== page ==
University of Florida

Ostrya virginiana (American Hophornbeam)

American Hophornbeam

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  • USDA Hardiness Zone: 3A - 9A
  • Mature Height: 30 to 35 ft
  • Mature Spread: 25 to 30 ft
  • Growth Rate: Slow
  • Availability: Somewhat available
  • Drought Tolerance: High
  • Salt Tolerance: Poor
  • Light Requirements: Full sun to partial shade.
  • Native Origin: Native to Florida.
  • Soil Drainage: Needs a well-drained site.
  • Foliage: Deciduous tree with showy fall color.
  • Flowers: Brown to green, showy flowers in the summer.
  • Pests: The main insect pests are two-lined chestnut borer, scale and basswood leaf miner. The main diseases are canker and leaf blisters.

Description: This shade-tolerant tree slowly grows to about 35 feet in height with a 25 to 30-foot spread forming an oval or round canopy. American Hophornbeam has a lovely yellow-brown fall color, and the small nutlets, which ripen in summer and fall, are used by birds and mammals during the winter. The bark is an attractive orange or grayish brown peeling off in longitudinal strips. The finely-textured crown casts a medium or dense shade in full sun, but is more open in the shade casting a light shadow.

This is a rugged tree, tolerant of poor soil conditions found in urban areas and should be grown and planted more. It can be purchased as a single or multi-trunked specimen. Multi-stemmed trees have a dramatic impact in the landscape with bright bark and wonderful form, great for climbing. American Hophornbeam has a shallow root system and will grow in most soils except those that are wet. It is well adapted to downtown city plantings provided soil drainage is good. Often found on dry, rocky slopes with little soil, American Hophornbeam is quite tolerant of drought and needs little care once established. Locate it close to people so they can enjoy the wonderful bark and foliage.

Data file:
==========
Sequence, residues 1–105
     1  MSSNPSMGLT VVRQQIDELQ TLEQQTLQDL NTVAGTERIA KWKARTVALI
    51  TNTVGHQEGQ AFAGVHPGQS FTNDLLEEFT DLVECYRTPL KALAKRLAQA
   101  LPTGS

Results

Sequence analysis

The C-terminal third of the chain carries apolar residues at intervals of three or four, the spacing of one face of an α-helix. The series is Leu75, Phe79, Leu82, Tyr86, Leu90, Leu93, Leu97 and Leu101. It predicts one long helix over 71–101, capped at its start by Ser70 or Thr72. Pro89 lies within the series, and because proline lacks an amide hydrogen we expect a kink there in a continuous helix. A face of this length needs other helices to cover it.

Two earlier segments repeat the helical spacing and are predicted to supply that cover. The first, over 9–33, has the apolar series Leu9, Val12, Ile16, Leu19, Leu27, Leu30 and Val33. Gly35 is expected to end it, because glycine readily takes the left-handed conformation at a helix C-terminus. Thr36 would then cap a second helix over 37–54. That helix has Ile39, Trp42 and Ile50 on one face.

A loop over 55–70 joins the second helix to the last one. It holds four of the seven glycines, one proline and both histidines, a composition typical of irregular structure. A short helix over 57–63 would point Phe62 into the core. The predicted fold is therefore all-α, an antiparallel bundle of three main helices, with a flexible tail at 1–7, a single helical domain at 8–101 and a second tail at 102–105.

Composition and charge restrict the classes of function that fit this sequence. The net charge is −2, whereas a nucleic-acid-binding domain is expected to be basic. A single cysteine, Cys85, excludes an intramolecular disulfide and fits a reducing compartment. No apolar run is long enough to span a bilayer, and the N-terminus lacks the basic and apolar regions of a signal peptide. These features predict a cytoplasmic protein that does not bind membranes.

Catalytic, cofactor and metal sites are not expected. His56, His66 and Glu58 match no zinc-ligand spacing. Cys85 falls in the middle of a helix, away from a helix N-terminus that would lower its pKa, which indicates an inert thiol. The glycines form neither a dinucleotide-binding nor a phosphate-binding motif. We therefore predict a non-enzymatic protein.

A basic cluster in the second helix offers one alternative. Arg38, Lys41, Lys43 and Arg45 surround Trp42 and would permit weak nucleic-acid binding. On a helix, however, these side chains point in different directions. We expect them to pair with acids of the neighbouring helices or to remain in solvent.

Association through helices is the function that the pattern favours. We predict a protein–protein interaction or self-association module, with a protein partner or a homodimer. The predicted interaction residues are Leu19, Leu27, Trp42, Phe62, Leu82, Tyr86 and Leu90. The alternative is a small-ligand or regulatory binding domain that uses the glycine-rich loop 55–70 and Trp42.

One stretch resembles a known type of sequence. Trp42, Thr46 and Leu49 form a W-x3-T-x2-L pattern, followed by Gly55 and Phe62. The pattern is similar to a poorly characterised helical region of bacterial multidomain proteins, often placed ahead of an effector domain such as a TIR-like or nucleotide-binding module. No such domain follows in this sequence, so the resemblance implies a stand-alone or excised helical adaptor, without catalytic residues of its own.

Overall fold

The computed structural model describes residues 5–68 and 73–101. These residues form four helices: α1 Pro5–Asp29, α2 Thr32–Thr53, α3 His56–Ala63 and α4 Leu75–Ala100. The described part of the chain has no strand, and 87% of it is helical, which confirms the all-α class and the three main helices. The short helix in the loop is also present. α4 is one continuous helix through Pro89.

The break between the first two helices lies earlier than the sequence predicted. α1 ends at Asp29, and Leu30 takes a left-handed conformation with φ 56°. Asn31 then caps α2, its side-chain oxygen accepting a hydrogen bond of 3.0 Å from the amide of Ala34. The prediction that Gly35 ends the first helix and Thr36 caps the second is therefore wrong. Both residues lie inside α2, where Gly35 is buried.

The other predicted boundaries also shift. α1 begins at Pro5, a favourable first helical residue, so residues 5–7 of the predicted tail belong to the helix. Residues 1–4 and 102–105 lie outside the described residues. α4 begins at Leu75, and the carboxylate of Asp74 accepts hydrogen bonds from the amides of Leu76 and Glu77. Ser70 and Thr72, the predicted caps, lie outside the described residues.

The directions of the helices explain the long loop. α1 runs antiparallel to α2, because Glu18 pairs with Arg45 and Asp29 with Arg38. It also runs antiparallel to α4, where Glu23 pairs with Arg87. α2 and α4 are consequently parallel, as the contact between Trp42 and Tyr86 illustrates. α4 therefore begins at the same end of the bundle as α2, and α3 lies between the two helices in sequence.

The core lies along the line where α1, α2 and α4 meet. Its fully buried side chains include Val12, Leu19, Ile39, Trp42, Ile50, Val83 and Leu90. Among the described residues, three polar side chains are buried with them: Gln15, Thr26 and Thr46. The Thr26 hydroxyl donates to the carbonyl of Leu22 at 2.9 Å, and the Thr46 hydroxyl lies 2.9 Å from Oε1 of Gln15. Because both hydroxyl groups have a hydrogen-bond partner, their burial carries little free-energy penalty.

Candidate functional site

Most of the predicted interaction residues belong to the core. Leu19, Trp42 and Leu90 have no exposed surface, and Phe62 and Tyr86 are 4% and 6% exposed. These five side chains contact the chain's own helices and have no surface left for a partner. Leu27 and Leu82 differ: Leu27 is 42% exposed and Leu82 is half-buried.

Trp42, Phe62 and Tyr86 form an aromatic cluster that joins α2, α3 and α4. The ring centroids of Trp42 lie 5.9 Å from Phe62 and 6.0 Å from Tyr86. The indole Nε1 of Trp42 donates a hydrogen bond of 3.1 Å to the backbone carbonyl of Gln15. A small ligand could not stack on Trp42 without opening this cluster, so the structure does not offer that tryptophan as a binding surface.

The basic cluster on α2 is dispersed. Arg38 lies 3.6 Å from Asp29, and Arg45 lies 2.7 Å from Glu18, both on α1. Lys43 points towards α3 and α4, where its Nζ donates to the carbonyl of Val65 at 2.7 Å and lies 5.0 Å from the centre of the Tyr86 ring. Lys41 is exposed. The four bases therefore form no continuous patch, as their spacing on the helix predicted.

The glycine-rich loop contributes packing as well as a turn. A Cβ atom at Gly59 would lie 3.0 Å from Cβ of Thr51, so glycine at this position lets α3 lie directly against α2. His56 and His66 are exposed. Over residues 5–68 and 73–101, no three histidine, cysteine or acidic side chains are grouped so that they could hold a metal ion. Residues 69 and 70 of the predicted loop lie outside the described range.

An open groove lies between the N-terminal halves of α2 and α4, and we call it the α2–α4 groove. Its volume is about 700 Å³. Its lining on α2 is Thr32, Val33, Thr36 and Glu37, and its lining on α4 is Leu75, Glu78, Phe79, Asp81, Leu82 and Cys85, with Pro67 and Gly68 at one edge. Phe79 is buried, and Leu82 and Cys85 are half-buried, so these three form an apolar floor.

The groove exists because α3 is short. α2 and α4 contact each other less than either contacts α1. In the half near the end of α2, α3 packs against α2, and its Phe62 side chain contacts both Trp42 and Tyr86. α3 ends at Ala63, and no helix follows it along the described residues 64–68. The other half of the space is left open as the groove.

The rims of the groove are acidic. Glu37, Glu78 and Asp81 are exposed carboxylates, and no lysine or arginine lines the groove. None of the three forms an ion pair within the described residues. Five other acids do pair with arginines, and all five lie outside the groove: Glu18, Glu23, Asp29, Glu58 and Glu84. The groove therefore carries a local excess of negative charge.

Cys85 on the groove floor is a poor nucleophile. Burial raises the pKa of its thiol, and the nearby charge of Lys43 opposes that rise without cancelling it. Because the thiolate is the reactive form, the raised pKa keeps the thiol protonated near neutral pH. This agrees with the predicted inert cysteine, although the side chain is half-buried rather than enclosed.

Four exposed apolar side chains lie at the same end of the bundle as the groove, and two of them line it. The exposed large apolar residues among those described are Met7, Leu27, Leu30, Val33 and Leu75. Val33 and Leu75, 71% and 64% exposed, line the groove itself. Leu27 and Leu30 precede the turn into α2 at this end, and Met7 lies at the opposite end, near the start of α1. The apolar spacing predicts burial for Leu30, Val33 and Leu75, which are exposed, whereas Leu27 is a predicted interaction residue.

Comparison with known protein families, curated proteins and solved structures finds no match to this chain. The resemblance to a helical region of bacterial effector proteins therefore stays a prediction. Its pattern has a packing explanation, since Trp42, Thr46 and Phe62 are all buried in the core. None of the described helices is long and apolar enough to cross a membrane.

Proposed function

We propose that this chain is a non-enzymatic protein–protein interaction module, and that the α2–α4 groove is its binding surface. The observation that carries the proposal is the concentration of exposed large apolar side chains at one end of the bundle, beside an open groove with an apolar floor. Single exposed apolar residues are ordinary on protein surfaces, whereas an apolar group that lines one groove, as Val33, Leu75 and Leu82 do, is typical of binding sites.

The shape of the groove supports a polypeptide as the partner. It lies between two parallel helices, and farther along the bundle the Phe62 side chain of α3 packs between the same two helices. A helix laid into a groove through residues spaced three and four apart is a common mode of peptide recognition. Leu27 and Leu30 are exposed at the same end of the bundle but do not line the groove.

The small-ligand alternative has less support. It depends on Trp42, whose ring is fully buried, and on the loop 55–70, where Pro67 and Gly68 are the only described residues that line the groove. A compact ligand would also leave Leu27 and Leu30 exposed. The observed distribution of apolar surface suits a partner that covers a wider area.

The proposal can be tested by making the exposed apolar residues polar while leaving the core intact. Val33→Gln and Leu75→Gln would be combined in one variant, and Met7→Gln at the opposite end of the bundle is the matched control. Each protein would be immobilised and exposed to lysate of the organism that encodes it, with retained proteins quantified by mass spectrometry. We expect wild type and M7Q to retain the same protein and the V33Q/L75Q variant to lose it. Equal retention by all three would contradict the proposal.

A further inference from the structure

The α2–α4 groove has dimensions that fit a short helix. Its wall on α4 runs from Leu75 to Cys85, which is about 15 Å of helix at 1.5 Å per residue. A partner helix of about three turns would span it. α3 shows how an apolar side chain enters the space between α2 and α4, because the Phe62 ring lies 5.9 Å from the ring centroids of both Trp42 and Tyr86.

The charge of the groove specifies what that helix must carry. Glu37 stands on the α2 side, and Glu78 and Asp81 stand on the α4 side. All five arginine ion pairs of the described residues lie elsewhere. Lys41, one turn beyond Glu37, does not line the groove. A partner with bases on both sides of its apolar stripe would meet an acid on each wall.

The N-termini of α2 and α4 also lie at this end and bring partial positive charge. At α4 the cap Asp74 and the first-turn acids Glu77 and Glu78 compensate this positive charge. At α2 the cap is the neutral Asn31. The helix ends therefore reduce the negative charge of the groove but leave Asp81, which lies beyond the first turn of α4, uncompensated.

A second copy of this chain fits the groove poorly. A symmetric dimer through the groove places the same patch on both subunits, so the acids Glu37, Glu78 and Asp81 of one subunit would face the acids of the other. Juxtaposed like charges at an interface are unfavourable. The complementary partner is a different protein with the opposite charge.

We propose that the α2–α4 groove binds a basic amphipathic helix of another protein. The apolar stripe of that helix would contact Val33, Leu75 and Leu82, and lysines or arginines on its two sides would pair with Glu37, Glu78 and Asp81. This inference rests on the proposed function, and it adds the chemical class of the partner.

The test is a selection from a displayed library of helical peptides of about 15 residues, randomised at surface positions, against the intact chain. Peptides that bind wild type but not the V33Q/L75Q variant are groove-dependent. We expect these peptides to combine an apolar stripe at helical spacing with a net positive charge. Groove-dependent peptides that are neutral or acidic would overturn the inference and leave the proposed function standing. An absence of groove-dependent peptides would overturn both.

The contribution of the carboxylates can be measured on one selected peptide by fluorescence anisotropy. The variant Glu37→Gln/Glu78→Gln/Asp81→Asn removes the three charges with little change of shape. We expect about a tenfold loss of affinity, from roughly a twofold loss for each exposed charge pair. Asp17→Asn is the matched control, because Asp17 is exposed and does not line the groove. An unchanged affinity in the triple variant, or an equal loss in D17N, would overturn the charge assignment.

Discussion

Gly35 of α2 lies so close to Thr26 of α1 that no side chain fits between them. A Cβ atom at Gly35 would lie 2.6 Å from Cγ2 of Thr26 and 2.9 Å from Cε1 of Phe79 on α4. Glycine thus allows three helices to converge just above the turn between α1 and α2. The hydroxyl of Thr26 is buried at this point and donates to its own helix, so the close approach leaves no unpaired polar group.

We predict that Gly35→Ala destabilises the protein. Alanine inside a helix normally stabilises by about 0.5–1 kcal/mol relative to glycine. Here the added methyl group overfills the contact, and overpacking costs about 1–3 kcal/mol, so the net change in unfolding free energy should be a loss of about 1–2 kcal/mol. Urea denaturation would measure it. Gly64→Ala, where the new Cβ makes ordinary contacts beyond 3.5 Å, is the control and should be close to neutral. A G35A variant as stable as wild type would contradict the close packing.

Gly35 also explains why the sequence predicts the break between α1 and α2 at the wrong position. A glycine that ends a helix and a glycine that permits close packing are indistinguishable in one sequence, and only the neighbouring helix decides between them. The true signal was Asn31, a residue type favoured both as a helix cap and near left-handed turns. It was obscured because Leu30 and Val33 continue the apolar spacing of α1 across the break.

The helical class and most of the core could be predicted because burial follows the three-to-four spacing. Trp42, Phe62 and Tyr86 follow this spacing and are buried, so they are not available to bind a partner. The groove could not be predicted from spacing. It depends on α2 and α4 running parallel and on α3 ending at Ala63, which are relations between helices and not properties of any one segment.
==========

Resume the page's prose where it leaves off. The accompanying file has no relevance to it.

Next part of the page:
Gainesville Observations: This is an easy tree to prune to a dominant trunk or multi-trunk because there are many lateral branches along the trunk and in the canopy. It will be easy to prune this plant into a full canopied tree at almost any size. Foliage turns a yellow-brown in drought and in the fall in Gainesville. This drought avoidance mechanism appears to allow the tree to survive typical drought periods experienced in north central Florida.

Fact Sheet (pdf)
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